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Slott Report Mailbag: Is a Qualified Disclaimer of an IRA Reported to IRS?
By Joe Cicchinelli, IRA Technical Expert
Follow Me on Twitter: @JoeCiccEdSlott
Retirement planning has many nuances, far more than the average investor can adequately negotiate. That is why an educated financial advisor is so important. He or she can help said investor navigate all pitfalls and answer all questions. This week's Slott Report Mailbag looks at some tricky subjects - disclaimers, step transactions, investing options within a Roth. These people didn't have the right answers - but a knowledgeable financial advisor should. As always, we stress the importance of working with a competent, educated financial advisor to keep your retirement nest egg safe and secure. Find one in your area at this link.
I have a question:
If you disclaim/refuse an IRA inheritance/inherited IRA, is that information reported to the IRS or is it only reported if/when you accept the inheritance and pay tax on it?
A qualified disclaimer of an IRA is not reported to the IRS. The disclaimer is filed with the financial institution that has the IRA. If you as beneficiary do not take a required minimum distribution from the IRA and you disclaim your entire portion, you will not receive IRS Form 1099-R.
Dear Mr. Slott,
I have purchased most of your courses over the years and have been a follower for many years; however, I have never seen anyone address one question I have. I realize that MLPs (master limited partnerships) are NOT a good investment for IRAs, due to tax consequences. However, since my Roth IRAs are supposed to be tax FREE, can I invest in publicly listed and traded MLPs and REITs (real estate investment trusts) or oil trusts, etc, in my Roth IRA, due to the fact that there are supposed to be no further taxes on my Roth IRA or any legitimate withdrawals? After all, I have already paid all the taxes due on the Roth, so wouldn’t the MLP tax problem NOT exist for the Roth?
While some investments such as limited partnerships, REITs, and tax-free municipal bonds have certain tax characteristics and benefits when the investments are owned outside of an IRA, those characteristics generally do not apply when the investment is purchased inside any IRA. The taxation of a Roth IRA generally is based on the aggregation and ordering rules, regardless of the investments inside the Roth IRA. However, certain unrelated business and debt financed investments will create unrelated business income tax which must be paid by the IRA or Roth IRA. The IRA must file Form 990-T to report and pay this tax. The issue of taxation of an investment is something you should explore with the promoter or advisor recommending the investment to you.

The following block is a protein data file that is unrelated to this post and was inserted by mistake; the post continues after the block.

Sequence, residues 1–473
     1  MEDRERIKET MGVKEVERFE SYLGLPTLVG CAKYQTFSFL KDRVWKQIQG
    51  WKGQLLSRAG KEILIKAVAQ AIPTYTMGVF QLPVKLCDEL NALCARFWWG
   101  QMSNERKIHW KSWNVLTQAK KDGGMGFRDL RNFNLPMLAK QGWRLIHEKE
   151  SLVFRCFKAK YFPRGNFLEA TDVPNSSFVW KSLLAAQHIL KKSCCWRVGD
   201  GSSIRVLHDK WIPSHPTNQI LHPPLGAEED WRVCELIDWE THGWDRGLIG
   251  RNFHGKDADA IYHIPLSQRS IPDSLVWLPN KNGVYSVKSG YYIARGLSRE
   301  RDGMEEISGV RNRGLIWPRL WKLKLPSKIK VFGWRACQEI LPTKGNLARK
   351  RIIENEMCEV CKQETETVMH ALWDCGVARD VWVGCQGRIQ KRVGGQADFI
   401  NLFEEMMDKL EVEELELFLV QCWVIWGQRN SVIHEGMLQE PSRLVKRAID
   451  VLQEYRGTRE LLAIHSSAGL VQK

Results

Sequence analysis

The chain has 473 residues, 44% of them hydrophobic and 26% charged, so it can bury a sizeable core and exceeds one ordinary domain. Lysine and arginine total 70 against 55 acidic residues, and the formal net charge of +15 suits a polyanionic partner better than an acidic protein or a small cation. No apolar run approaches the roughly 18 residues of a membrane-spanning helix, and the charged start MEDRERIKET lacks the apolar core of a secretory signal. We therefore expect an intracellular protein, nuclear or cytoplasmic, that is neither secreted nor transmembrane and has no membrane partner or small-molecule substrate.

Dear Mr. Slott:
I attended one of your Chicago seminars a few years back, and greatly enjoyed it. You are THE Expert!
I have an unusual (perhaps unique?) question for you/your staff. I converted a small IRA in 2011, and inadvertently included a very small $2,000 variable annuity contract in the conversion. This particular annuity contract has very desirable guaranteed growth, income and death benefit features, at a very low internal cost. I now would like to make a large addition of rolled-over 401(k) funds to that same contract, but unfortunately, my retirement funds will roll in a traditional rollover IRA. The desired end investment vehicle (my small annuity contract) is now over in my Roth IRA.
It is too late to re-characterize the 2011 conversion, without a PLR (private letter ruling). But could the following strategy possibly achieve my goal of getting my now Roth account annuity back into a traditional IRA?
- Make a new traditional IRA contribution for 2012 or 2013. (This would be my only traditional IRA account, which solves the 'aggregation' issue.)
- Convert that IRA to a Roth IRA, combining those converted funds with my small existing Roth IRA account (where the annuity is held).
- Then, do a partial Re-characterization a portion of my Roth Conversion amount, and include the annuity contract as part of the value of the recharacterization?
Basically, I am presuming the IRA assets are fungible, and that the IRS only cares about the amounts converted, and not the specific asset type involved. What am I missing?
Your thoughts would be appreciated.
R. Shawn Jones
Your series of step transactions only make sense if you do not want to convert the 401(k) balance to a Roth IRA. You do have the ability to convert the 401(k) funds directly to the Roth IRA holding the annuity. If you do not want to pay the income tax on a conversion of the 401(k) funds to your Roth IRA then your IRA contribution that is converted to a Roth IRA will be taxable unless it was a nondeductible IRA contribution. However, you can recharacterize (reverse) that conversion amount or a portion of it (plus its pro-rata gain or loss) back to an IRA using a formula that uses the entire fair market value (FMV) of the Roth IRA. The FMV of the annuity contract in the Roth IRA may be much greater than its cost because of the guaranteed income and death benefits, which must be included in the FMV calculation.
After the recharacterization amount (including the gain or loss) is calculated, that amount must be transferred back to the IRA. The recharacterization amount can be satisfied by transferring back any asset in-kind from your Roth IRA as long as the FMV of the asset transferred back to the IRA is equal to the recharacterization amount. Also, whether the terms of the annuity contract would allow an in-kind transfer back to your IRA should be addressed with the insurance company before you proceed.